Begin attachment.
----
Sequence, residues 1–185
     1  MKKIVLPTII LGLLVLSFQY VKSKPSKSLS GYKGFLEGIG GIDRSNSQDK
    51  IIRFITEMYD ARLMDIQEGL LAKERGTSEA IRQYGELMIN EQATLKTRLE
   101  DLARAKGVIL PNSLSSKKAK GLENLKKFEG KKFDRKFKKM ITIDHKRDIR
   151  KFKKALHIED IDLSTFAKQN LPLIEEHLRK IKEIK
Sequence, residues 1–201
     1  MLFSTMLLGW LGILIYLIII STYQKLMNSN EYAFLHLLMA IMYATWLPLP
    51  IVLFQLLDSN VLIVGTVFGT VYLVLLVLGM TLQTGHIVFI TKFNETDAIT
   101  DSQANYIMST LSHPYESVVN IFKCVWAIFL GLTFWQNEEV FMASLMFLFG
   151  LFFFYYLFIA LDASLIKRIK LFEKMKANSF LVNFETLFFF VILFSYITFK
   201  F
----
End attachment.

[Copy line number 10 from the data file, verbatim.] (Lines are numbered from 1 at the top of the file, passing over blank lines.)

   151  LFFFYYLFIA LDASLIKRIK LFEKMKANSF LVNFETLFFF VILFSYITFK